As Daniel LeBlanc has also explained in the Globe and Mail : “A Senate committee is offering to conduct a review of Canada’s new anti-terrorism powers five years after Parliament adopts Bill C-51, and is calling on the government to quickly adopt new measures to fight terrorism and improve its existing counterterrorism operations … The committee on national security and defence has voted in favour of the legislation, but it is also calling on the government to consider the advice of some of the bill’s critics …  The bill will now head for third reading in the Senate.”

A few further notes from Mr. LeBlanc are interesting as well : “The Senate committee on national security and defence was convinced by a recent appearance from Public Safety Minister Steven Blaney that some of the concerns raised by witnesses at the committee would be addressed by the government …  In a statement, Mr. Blaney thanked the committee for its contribution to the legislative process, promising that the government ‘will thoroughly examine’ its observations.”

Mike Duffy, Pamela Wallin, and Patrick Brazeau were among the senators featured on trading cards handed out by the federal NDP in 2013.

(4) Meanwhile, see : “Senate report on bee health finds neonicotinoids harmful but wants more study …  Report outlines nine recommendations to help curb bee colony deaths” ; and “Senate calls for faster action on bee health …  A Senate committee is urging Canadian regulators to release their latest findings on a controversial group of pesticides affecting bees as soon as possible.”

(5) See also : “US author tells Canada’s senate the national food guide is failing us … The American author of an investigative book about saturated fats told a Canadian senate committee Thursday the country’s nutritional guidelines are failing citizens, making them obese and diabetic.” Sober second thought in action, right?

(6) Finally, in “Tories, Liberals face political peril in exploding Senate scandal,” the Sun Media Parliamentary Bureau Chief David Akin has suggested that Auditor General Michael Ferguson will soon “finger as many as 10 more senators as candidates for an RCMP investigation.”

David Akin, Parliamentary Bureau Chief for Sun Media : “The Hill Times named Akin as one of the 100 most influential people on Parliament Hill. A Montrealer by birth, Akin studied history at the University of Guelph. He lives near Ottawa with his wife and two children.”

Akin goes on : “Ferguson has spent a colossal sum — $21 million! — to have an army of auditors comb through every travel, food, and housing claim made by just about any senator who sat in the red chamber from April 1, 2011 to March 31, 2013. If you’re a fan of the Senate — and most Canadians are not — his findings will not be pretty …”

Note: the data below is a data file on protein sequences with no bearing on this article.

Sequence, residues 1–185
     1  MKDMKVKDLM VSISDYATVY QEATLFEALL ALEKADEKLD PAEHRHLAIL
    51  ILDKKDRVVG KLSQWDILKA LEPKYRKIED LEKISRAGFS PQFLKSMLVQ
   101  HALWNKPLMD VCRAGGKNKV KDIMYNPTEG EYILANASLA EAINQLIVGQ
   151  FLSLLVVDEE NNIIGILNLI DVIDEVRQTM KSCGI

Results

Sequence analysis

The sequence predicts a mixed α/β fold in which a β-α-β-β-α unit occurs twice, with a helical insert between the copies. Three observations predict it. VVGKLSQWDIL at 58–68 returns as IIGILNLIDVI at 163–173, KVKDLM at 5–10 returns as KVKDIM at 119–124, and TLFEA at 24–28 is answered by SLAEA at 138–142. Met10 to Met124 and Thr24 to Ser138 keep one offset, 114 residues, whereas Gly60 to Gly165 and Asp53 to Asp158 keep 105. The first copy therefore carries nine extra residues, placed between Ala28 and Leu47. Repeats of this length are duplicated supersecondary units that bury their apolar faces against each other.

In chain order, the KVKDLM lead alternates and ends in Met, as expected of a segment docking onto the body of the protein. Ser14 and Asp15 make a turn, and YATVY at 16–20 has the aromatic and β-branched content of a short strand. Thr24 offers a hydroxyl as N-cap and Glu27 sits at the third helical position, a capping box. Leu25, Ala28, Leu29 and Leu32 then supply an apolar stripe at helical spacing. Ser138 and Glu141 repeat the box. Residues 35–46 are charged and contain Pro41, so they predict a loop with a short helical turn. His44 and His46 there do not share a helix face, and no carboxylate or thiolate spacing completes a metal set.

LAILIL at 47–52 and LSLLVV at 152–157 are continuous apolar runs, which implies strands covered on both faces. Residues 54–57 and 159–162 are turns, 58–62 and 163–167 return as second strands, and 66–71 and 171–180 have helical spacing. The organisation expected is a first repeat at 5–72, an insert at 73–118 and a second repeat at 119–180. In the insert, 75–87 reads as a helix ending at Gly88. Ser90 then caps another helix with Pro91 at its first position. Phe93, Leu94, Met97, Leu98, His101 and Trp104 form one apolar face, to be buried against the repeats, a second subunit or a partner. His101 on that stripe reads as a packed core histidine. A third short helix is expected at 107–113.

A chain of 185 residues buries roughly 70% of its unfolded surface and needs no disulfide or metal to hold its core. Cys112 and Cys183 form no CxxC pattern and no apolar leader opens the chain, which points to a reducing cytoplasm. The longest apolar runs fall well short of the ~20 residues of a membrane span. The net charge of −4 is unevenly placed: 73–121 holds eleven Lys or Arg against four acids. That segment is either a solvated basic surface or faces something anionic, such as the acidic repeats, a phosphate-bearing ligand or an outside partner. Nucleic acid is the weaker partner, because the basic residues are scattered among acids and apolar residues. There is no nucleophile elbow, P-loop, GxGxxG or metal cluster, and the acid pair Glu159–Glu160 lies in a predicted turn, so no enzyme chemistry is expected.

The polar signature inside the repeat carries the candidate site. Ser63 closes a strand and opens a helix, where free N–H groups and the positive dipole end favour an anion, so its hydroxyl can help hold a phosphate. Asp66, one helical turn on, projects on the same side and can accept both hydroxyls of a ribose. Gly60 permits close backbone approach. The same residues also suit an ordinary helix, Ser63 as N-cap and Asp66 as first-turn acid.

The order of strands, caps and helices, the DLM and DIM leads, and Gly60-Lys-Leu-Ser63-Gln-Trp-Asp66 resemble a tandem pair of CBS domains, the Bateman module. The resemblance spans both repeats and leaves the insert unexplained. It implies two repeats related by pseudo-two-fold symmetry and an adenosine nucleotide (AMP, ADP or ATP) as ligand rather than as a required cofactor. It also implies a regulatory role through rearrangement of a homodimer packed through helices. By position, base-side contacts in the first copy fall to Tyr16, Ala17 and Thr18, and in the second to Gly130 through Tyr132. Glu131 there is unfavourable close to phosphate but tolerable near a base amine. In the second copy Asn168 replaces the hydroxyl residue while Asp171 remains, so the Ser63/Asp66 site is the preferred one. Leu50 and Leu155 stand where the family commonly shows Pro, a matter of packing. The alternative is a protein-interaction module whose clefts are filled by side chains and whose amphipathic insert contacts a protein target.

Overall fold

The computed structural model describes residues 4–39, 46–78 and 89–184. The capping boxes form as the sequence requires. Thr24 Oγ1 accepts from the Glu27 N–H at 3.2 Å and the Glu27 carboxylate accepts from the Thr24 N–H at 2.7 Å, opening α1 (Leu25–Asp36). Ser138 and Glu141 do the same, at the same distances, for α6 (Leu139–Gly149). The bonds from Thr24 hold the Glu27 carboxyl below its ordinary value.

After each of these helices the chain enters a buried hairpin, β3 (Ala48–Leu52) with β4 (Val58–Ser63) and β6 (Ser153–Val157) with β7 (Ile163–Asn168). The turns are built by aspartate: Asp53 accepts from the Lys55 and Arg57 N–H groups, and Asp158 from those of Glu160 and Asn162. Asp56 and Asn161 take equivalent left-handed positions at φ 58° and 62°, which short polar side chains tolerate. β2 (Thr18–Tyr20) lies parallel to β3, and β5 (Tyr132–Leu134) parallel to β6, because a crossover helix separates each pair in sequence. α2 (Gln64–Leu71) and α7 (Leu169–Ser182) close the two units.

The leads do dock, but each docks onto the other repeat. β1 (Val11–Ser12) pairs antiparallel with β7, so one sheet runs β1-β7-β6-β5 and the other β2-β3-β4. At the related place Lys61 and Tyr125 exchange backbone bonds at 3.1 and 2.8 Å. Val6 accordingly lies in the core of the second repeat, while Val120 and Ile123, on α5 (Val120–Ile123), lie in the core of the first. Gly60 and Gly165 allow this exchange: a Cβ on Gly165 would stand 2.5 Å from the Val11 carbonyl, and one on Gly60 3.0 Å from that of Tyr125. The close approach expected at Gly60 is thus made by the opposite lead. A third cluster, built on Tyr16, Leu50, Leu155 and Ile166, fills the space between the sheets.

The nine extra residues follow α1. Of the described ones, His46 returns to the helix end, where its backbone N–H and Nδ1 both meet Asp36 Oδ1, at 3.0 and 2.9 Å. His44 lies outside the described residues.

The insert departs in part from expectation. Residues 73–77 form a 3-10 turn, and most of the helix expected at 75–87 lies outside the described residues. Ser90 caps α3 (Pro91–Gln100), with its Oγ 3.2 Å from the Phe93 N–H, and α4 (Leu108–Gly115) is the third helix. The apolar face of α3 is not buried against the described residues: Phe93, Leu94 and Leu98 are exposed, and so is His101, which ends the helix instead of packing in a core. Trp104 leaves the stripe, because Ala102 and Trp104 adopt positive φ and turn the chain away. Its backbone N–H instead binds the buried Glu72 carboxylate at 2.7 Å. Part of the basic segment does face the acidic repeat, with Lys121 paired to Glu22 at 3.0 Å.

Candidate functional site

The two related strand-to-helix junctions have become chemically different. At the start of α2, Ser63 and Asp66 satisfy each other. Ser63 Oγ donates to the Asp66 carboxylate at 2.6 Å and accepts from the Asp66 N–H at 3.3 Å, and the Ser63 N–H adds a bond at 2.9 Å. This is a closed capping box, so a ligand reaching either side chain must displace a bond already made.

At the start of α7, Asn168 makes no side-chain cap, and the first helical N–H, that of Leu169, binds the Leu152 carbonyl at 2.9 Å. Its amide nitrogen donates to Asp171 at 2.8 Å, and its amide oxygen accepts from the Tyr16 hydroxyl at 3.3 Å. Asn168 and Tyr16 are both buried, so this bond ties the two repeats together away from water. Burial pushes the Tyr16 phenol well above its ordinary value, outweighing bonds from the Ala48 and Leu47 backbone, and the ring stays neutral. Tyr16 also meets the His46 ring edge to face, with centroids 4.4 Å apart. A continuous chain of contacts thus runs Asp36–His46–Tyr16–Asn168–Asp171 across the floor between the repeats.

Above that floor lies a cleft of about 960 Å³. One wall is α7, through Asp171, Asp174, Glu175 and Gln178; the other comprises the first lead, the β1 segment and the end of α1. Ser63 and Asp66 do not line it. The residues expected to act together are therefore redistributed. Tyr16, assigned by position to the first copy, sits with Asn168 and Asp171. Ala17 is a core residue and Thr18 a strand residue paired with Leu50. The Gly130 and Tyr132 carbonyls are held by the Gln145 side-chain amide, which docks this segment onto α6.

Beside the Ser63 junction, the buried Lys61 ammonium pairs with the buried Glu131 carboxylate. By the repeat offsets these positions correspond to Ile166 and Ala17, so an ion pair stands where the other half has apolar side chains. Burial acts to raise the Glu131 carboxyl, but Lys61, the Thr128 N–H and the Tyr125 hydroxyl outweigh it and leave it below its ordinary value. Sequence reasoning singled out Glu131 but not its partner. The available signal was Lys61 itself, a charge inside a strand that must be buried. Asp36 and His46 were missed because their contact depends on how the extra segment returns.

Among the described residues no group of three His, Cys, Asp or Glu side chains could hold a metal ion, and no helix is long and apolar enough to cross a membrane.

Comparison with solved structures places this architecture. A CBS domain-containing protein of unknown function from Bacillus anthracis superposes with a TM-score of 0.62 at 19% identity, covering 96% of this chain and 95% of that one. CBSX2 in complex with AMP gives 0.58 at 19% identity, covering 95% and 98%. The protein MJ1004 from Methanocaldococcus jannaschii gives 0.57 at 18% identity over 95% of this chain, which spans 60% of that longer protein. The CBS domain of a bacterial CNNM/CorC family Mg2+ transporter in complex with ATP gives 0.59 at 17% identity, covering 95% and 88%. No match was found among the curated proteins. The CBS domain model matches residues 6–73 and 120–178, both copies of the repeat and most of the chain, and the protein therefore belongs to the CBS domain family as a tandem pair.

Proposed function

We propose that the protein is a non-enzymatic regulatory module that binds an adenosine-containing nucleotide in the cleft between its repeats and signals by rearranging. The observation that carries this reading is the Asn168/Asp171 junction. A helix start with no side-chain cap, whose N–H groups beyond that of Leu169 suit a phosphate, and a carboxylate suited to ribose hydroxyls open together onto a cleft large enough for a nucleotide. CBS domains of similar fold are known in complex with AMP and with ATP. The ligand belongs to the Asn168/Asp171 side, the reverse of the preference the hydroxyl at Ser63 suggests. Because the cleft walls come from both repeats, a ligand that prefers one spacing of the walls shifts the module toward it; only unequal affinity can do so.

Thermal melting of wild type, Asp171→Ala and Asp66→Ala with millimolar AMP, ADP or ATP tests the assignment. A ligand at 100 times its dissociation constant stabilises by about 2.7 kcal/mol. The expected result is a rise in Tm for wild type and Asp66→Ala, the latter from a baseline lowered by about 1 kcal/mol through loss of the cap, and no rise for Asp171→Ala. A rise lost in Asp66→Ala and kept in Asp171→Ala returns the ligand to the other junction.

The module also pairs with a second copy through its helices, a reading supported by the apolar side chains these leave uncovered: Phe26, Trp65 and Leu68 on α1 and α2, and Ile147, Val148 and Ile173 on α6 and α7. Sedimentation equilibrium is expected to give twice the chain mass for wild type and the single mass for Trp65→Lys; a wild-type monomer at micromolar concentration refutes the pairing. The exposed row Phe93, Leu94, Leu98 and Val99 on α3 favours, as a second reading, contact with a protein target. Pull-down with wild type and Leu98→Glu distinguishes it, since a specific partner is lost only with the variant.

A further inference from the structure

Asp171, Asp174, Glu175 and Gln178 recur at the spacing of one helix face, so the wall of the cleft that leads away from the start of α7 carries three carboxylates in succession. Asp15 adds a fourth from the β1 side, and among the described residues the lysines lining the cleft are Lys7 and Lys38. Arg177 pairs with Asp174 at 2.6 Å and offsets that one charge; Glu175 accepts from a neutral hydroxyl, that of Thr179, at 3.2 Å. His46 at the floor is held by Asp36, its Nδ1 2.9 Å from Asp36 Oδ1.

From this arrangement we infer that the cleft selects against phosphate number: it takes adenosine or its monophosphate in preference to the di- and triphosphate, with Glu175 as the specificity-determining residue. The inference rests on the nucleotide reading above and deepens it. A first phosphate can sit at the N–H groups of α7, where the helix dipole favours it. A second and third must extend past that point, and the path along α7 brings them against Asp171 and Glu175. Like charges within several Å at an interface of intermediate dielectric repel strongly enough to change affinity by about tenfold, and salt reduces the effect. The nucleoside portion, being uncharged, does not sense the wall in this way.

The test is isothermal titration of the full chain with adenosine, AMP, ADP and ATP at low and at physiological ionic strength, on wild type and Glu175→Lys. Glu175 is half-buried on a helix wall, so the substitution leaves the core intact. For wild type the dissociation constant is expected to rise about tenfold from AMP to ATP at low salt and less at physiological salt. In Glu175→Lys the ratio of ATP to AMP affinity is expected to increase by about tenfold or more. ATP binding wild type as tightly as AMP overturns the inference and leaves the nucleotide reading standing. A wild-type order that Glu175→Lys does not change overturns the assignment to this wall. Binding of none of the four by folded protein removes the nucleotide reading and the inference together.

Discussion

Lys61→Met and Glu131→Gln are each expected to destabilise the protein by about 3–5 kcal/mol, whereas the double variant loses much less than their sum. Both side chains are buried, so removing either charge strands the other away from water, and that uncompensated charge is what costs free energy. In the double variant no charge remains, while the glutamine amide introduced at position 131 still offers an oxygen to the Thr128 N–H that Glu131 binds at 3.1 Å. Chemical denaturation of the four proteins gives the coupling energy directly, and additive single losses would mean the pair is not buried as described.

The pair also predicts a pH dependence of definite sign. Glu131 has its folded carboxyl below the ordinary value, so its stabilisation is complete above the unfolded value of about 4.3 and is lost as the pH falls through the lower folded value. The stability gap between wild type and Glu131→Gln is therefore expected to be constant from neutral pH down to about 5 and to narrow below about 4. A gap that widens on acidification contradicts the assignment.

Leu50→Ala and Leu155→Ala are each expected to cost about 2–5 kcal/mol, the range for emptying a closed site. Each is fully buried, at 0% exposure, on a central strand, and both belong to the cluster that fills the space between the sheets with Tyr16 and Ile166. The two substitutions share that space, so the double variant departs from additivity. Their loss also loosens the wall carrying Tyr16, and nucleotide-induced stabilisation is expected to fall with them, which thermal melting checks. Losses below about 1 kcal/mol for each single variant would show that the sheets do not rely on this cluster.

The growing crux of things, Akin urges, is that : “by the end of the week, Canadians will have one senator — Duffy — already in front of a judge, another former senator about to go on trial, active RCMP investigations into two other senators and a pile of new allegations against another 10 … This is the point at which, I suspect, Canadians throw up their hands and conclude that we need a change in Ottawa. Any change …”

Thomas Mulcair stands up for NDP motion to start process of abolishing Senate, March 2013. It was defeated by the Conservatives (and Liberals) in a 186–101 vote.

And this is starting to sound, according to Akin , a lot like what happened with Rachel Notley and the Alberta New Democrats back on May 5. In fact : “The Senate scandal now involves and will likely involve politicians who sat in Harper’s caucus and some who sat in the caucus of Justin Trudeau and other Liberal leaders. None have ever sat in Thomas Mulcair’s NDP caucus.”

And : “If Canadians are disgusted by what they will see in the Senate expense scandal next week, expect Mulcair to be loudly and often making the case that he, like Notley, can be Canada’s agent of change.”

Meanwhile, we the Canadian people are still stuck with an increasingly dysfunctional Senate modelled on the 19th century British House of Lords. But if we do actually follow Alberta’s lead and elect a New Democrat federal government this fall, it will at least be committed to getting rid of the dysfunctional Senate as soon as possible.

What if Mike Duffy is finally the guy who makes an NDP federal government in Canada possible, at last (along with Rachel Notley)?

Of course my colleague Dr. Randall White and many other Canadians believe that what we really and increasingly desperately need in Canada is not Senate abolition but serious Senate reform, at last. Many of them, however, would probably also agree that even abolition is better than what we have now!

And, besides, the smallest provinces will probably force reform rather than abolition in the very end anyway? Whatever, a New Democrat federal government elected on the back of the Senate reform issue could be very interesting, to say the very least. Here’s hoping David Akin is right! In the interests of making both Canada and Canadian political science less boring, at the very least again.